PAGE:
(3) As usual both sides examined large number of witnesses mostly the close relations. Apart from this the wife produced some of her colleagues in the office and her superior. Both in the proceedings for restitution of conjugal rights as well as present proceedings, attempts were made for the re' conciliation between the parties by the trial court but they failed. I had also called the parties in the chamber separately and their advocates. There were no serious allegations such as infidelity or persistent cruelty. Even then it was difficult to bring the parties together after 13 years. As usual the wife showed her willingness to join the matrimonial home. In the context of her allegation of severe beating and inhuman treatment, on the fateful day i.e. 8th/9th 1970 and her charge that the husband's family was greedy, it was difficult to decide how far she was sincere in her claim. The husband expressed his inability to take the wife after a lapse of 14 years. The additional reason stated by him was that he would not like to take a risk of involving himself in any criminal case in the present day atmosphere of the alleged cases of dowry victims.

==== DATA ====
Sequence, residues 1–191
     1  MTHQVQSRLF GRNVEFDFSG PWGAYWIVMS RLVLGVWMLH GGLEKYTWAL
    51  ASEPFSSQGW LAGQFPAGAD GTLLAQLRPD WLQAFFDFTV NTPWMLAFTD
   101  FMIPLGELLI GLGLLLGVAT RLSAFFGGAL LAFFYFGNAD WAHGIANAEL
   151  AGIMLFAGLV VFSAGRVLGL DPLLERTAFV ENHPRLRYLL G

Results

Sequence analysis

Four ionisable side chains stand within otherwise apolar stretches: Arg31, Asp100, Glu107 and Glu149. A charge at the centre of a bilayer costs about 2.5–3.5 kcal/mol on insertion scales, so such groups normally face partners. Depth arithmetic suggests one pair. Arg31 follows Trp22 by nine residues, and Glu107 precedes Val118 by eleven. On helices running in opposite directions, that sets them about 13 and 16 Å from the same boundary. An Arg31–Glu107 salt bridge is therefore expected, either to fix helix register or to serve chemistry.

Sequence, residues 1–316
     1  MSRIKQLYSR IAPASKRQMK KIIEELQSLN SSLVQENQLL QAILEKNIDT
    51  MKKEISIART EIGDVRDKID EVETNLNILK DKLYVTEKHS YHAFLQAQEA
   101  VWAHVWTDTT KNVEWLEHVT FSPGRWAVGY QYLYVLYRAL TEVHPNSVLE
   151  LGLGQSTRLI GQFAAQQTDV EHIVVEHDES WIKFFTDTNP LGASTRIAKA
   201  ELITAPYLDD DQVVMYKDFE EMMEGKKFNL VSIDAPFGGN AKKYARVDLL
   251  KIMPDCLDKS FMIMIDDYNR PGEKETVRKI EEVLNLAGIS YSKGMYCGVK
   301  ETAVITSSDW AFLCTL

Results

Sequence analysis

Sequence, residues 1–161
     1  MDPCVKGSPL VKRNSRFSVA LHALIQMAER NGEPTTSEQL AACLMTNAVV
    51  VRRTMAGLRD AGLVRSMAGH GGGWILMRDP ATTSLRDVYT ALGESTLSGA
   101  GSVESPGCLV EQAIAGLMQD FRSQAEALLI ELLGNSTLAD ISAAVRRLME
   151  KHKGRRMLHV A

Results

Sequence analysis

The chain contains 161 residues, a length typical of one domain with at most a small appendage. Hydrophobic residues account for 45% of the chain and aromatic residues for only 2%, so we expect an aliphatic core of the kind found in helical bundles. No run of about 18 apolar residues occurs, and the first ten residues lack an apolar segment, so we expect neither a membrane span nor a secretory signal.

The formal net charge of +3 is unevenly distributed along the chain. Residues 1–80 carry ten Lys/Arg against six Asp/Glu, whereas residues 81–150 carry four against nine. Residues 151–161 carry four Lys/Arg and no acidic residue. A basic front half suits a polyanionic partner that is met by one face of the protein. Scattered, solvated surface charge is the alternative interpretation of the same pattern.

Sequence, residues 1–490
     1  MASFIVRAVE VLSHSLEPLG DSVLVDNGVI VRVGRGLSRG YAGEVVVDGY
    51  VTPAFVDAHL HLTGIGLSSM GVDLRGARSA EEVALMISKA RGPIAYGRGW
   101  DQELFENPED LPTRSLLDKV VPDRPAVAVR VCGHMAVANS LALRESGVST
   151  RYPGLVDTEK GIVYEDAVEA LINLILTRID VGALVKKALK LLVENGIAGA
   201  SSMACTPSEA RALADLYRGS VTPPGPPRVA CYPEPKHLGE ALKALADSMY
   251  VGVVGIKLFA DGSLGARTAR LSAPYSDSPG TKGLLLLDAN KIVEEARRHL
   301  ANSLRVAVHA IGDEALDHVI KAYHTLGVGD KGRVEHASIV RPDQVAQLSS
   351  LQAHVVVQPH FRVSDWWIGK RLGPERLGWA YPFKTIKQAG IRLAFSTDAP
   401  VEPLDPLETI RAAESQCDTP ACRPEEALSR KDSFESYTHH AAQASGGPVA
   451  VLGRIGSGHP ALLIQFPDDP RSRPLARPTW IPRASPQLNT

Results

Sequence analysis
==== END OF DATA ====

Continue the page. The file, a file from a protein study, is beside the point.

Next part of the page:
(4) For succeeding in the petition for divorce on the ground of desertion the husband must show that the wife had left the Matrimonial home without his consent and that there is factual desertion for a period of more than two year. He mast further show that the respondent-wife had left the matrimonial home without any intention to revert. He mast further show that he is willing to keep the wife but the wife, without any reasonable, cause was avoiding his company. For this purpose he must show the attempts made by him to get back the wife to the matrimonial home. The burden is primarily on the petitioner-husband but it shifts to the respondent-wife as. soon as the alleges reasonable cause or justification for her withdrawing the company from the husband.
(5) The parties have taken me through the evidence in the case. The evidence in the case is in the nature of personal reactions and interpretation to suit the partisan claims of the parties. Even the eve witnesses narrate the facts from respective point of view. Matrimonial cases are at times more banned by the extreme positions taken by the parties. Here, the set of facts asserted by one side is denied outright by other. The witnesses have added (by the depositions) to the mutual contradictory stands and confusion generated by the same. I broadly agree with the appreciation of the evidence by the learned Additional District Judge and his findings.